Buying new plates can be a daunting experience. There are so many variables that can influence your decision: size, color, shape, feel, and weight, just to name a few. There are also many different names for plates. Whether you choose to call it a salad plate or an
, or a
vs. an entrée plate, they all pretty much mean the same thing. Since we’re going to be talking about the size of plates, it is important to know that since they are usually round, the size measurement is going to be the diameter of the plate. In this post, we’ll take a look at the differences between the sizes of the following:
What to Look For When Purchasing Plateware
Dinner plates are most commonly 10 inches in diameter. This size is ideal since dinners usually have more than one aspect to them. A 10-inch dinner plate can hold a protein, a grain, and a vegetable without feeling too overwhelming. If you choose to use smaller plates, say 7 inches or 8 inches, as a dinner plate, your plate will be overflowing with food, or you may even need more than one plate to feed yourself adequately. A larger plate, like 12 inches or even 13 inches, can lead to two things: larger portions than necessary or a plate that feels empty. When buying dinner plates, your best bet is to go for a 10-inch plate, as it is perfect for portion control and is large enough to fit all components of a traditional dinner.
Every great meal starts with an appetizer. With a smaller portion size that leads up to dinner’s main event, appetizers are a perfect way to introduce guests to the meal. We recommend using a plate that is around 8 inches for an appetizer plate. An appetizer plate is also great for family-style meals, where sharing is encouraged. Anything smaller than 8 inches, and you start to creep into bread plate territory, and anything bigger could work as a dinner plate.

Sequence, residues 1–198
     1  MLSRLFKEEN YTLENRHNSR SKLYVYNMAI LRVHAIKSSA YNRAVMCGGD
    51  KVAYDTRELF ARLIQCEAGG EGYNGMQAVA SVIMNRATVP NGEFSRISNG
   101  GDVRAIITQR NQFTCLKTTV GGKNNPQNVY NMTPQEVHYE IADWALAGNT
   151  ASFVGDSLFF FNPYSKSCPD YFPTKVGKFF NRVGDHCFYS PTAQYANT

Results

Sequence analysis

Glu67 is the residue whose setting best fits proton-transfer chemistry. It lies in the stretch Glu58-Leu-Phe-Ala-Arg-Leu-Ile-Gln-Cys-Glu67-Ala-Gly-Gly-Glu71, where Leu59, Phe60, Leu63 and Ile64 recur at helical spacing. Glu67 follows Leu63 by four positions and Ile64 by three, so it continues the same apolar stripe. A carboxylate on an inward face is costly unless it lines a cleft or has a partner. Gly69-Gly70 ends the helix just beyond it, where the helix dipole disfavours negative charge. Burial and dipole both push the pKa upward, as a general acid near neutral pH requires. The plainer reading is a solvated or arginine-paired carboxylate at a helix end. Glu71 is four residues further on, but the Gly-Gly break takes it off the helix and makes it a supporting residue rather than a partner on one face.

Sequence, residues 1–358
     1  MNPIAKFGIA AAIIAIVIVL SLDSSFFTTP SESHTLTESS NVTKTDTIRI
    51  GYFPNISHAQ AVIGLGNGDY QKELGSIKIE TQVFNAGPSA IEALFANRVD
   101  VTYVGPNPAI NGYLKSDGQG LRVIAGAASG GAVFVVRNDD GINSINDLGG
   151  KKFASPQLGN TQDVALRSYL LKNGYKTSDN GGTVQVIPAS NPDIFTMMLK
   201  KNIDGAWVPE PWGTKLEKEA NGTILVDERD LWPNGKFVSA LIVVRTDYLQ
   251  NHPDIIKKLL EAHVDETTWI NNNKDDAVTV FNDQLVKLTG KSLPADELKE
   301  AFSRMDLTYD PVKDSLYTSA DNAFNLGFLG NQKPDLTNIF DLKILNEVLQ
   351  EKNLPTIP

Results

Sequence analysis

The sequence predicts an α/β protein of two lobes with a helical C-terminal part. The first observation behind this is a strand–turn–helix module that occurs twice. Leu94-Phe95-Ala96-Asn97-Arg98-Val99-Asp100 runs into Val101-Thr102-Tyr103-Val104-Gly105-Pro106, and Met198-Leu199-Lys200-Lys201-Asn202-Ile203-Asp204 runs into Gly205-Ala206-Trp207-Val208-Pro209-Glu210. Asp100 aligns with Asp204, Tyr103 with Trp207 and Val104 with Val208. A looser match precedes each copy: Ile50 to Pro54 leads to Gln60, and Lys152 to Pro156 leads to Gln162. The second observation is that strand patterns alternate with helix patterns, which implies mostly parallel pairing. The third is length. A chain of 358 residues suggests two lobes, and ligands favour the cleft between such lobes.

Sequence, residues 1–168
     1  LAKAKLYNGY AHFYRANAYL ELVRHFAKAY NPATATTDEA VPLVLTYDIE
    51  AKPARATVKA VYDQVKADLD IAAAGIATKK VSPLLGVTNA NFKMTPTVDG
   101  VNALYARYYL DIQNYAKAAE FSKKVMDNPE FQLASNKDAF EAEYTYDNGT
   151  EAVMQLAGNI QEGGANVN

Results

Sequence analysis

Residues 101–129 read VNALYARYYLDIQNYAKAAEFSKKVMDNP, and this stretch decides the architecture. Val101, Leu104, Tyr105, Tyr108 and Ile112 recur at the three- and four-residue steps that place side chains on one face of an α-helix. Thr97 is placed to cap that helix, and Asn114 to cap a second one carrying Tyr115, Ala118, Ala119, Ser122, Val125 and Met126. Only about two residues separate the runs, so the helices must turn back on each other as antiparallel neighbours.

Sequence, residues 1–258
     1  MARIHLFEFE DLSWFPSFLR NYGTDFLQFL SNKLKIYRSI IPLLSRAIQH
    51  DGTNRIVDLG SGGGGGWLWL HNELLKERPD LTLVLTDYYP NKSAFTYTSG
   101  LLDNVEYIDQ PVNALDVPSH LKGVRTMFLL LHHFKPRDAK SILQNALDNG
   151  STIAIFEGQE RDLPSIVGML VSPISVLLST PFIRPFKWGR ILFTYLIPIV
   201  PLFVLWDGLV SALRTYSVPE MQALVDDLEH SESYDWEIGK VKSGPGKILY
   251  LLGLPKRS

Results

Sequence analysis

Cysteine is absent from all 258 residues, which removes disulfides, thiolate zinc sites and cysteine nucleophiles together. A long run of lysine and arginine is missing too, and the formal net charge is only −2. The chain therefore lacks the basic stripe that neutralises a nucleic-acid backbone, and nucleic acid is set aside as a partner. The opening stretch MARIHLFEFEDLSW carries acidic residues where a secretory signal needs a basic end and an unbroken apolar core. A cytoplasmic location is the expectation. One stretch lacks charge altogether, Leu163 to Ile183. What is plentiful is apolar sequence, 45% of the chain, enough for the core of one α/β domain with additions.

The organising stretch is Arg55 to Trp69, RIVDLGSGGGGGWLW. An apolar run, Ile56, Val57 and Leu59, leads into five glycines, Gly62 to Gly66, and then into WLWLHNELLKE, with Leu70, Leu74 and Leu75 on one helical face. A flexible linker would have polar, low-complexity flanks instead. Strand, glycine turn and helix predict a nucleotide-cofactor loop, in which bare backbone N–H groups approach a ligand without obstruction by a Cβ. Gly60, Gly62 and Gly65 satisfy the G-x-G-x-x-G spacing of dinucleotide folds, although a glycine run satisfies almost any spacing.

are a great way to round out your tablescape. Most serving platters are oval, which provides a nice contrast to dinner and appetizer plates’ roundness. Serving platters should be substantially larger than both your dinner and appetizer plates and should be at least 12 inches. Serving platters can also serve as a plate if your dish has different components, and you want to consolidate your experience. For example, if you’re making Hainanese Chicken Rice, you could place a mound of rice on a serving platter with the sliced chicken next to it. Lastly, put the broth in a small bowl on the serving platter so that everything is confined to one location. This will make your dining experience smoother and more enjoyable.
Now that you have more information on what size a dinner plate should be, it’s essential to know about other characteristics that make plateware superior. First, your plateware should be fully vitrified, meaning that it eliminates pores from the surface, resulting in a much stronger and scratch-resistant plate. This is the gold standard of the hospitality industry. Your plateware should also have a fully glazed back, meaning that stacking is an entirely harmless task. You also want plateware that is dishwasher, oven, and microwave safe!